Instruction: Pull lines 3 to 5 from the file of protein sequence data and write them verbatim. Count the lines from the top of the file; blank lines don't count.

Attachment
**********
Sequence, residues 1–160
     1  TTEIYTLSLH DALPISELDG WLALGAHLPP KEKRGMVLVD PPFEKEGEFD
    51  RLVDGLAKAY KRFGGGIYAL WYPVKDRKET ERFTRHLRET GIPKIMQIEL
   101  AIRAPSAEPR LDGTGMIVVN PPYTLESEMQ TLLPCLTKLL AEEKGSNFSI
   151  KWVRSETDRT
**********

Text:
    51  RLVDGLAKAY KRFGGGIYAL WYPVKDRKET ERFTRHLRET GIPKIMQIEL
   101  AIRAPSAEPR LDGTGMIVVN PPYTLESEMQ TLLPCLTKLL AEEKGSNFSI
   151  KWVRSETDRT